Carballo vs Encarnacion
92 Phil 974 [GR No. L-5675 April 27, 1953]
Facts: In the Municipal Court of Manila, Mariano Ang filed a complaint (civil case No. 8769) against Antonio Carballo for the collection of P1,860.84. The corresponding summons was served upon defendant Carballo for appearance and trial on October 10, 1949. As counsel for him Atty. J. Gonzales entered his written appearance on October 12, 1949. On the same day said counsel filed a motion for postponement of the hearing for one month on the ground that he was sick, attaching a medical certificate to prove his illness. Hearing was postponed to October 14, 1949 at which time defendant asked for another postponement on the ground that his counsel was still sick. The hearing was again postponed to October 24, 1949. Inn said last two postponement of the hearing, the municipal court warned the defendant that the hearing could not wait until his counsel recovered from his illness, and that if said counsel could not attend the trial he should obtain the services of another lawyer. On the day set for hearing, namely, October 24, 1949, neither defendant nor his counsel appeared although there was a written manifestation of defendant’s counsel requesting further postponement because he was still sick. At the request of plaintiff’s counsel, defendant was declared in default.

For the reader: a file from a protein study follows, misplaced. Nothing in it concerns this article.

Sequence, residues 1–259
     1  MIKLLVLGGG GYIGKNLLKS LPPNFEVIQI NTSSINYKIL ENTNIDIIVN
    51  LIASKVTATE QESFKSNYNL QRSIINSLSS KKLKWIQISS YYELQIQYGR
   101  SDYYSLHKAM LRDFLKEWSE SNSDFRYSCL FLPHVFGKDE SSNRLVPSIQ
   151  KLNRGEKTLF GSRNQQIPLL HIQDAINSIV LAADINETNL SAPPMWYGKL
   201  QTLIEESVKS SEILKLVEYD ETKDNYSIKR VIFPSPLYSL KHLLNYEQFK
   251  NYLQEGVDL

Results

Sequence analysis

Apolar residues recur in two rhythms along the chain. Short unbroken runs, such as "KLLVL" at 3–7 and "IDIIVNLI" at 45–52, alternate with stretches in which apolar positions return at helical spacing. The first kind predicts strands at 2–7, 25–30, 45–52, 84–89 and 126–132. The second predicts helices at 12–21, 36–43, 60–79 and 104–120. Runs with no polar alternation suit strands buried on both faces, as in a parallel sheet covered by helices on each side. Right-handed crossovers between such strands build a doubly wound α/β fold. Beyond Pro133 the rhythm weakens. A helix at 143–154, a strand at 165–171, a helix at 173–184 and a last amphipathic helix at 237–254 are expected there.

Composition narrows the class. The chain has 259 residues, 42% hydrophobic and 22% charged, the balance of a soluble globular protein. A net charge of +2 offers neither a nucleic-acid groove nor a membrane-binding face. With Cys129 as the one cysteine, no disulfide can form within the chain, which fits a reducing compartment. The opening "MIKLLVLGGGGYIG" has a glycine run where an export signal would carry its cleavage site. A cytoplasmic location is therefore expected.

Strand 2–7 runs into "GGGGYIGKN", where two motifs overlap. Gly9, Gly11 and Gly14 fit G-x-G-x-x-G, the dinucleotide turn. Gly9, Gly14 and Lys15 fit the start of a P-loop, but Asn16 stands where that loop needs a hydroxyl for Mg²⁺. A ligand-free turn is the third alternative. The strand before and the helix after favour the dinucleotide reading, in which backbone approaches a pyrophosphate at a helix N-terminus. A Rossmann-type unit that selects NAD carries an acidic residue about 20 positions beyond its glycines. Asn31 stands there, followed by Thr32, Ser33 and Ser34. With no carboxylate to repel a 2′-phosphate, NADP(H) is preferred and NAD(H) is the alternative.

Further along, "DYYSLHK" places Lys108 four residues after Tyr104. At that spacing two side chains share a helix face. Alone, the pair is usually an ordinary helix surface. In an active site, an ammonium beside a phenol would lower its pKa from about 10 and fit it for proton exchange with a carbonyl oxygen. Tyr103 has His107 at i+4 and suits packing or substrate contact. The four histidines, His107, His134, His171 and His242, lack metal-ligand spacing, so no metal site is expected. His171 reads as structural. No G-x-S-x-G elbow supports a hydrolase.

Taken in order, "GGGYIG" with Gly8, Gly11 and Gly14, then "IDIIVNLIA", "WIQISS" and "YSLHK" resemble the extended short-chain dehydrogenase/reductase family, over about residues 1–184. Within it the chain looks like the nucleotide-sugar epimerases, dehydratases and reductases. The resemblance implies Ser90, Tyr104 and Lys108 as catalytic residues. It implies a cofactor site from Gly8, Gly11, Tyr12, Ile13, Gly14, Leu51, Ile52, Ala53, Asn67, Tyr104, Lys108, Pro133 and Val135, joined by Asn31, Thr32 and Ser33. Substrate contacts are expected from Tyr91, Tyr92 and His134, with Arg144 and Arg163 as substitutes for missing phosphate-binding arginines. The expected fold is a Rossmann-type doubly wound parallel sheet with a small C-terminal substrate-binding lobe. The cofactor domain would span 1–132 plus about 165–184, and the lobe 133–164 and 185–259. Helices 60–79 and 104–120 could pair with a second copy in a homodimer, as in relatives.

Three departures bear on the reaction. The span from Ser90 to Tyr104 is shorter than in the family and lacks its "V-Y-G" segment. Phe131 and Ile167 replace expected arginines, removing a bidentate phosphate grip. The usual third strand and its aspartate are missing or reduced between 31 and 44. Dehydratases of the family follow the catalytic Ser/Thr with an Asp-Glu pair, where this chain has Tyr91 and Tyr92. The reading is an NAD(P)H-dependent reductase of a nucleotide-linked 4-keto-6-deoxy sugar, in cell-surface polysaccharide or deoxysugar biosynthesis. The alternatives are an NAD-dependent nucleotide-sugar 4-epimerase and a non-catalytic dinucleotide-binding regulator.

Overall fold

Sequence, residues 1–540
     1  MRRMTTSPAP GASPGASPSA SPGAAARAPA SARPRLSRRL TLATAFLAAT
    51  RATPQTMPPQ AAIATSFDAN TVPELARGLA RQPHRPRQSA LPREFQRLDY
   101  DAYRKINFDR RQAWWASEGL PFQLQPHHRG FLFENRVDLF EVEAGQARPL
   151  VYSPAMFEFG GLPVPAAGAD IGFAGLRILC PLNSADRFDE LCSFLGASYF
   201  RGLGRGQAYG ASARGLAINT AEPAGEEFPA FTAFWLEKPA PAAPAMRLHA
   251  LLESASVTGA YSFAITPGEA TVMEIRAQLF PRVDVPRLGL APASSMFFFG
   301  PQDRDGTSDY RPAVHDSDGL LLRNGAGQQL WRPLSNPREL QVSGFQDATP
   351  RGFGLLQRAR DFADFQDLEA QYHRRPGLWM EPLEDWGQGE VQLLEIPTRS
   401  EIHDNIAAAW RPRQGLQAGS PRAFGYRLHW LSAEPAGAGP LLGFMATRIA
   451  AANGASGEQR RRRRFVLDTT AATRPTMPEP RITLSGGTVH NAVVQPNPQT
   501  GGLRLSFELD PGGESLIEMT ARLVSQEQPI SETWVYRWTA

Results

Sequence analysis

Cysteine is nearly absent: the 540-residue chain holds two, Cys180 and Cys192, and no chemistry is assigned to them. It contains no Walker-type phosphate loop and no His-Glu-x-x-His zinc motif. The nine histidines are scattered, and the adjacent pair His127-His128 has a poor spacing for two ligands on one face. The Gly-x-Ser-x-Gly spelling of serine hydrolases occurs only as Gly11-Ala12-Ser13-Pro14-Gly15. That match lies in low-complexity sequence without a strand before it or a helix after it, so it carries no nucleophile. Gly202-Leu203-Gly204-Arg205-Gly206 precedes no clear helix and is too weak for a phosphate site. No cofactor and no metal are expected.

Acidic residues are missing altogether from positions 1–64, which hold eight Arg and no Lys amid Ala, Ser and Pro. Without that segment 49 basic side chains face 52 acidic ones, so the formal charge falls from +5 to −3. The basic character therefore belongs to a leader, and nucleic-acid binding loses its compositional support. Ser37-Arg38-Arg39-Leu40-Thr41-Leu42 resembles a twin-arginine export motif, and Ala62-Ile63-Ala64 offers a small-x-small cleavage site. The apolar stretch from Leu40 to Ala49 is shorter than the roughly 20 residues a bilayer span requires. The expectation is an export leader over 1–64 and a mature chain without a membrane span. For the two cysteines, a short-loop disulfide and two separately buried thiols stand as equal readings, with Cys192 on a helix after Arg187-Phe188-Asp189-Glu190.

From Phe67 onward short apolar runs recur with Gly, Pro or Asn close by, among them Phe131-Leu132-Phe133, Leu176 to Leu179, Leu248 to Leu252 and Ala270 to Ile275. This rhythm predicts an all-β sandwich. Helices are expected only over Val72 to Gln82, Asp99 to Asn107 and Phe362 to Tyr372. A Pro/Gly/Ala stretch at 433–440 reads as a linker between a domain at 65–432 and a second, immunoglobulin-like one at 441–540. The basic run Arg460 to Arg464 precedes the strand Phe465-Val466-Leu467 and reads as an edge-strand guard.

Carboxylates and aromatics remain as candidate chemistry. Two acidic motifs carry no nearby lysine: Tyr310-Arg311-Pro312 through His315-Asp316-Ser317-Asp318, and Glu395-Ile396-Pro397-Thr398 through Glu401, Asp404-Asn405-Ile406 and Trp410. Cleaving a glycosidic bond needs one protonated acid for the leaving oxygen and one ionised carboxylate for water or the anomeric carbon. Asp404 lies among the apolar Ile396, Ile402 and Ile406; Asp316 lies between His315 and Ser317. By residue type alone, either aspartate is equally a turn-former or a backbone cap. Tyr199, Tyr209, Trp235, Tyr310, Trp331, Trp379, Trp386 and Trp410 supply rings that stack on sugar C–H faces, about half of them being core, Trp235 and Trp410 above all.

Issue: Whether or not the declaration of default is proper.
Held: No. We agree that a decision by default rendered by an inferior court is not appealable. The question now is whether defendant (now petitioner Carballo) defaulted in the municipal court of Manila. True, he filed no answer, but his counsel filed a written appearance. In addition, said counsel filed a motion or manifestation asking for postponement of the hearing on the ground that he was ill. In the case of Flores vs. Zurbito, (37 Phil., 746), this Court held that an appearance in whatever form without expressly objecting to the jurisdiction of the court over the person, is a submission to the jurisdiction of the court over the person. It is, therefore, clear that petitioner Carballo made an appearance in the municipal court. Could he then be declared in default just because he filed no answer? The answer must be in the negative. In the case of Quinzan vs. Arellano,2 G.R. No. 4461, December 28, 1951, the Supreme Court said that in the justice of the peace court failure to appear, not failure to answer is the sole ground for default. What really happened in the municipal court was that the defendant tho he filed no answer to the complaint, nevertheless, he made his appearance and in writing at that, but because of his failure and that of his counsel to appear on the date of the trial, a hearing ex-parte was held and judgment was rendered thereafter. The judgment, therefore, was not by default. So defendant Antonio Carballo had a right to appeal as in fact he appealed, and the Court of First Instance should not have declared the decision appealed from final and executory under the theory that it was not appealable.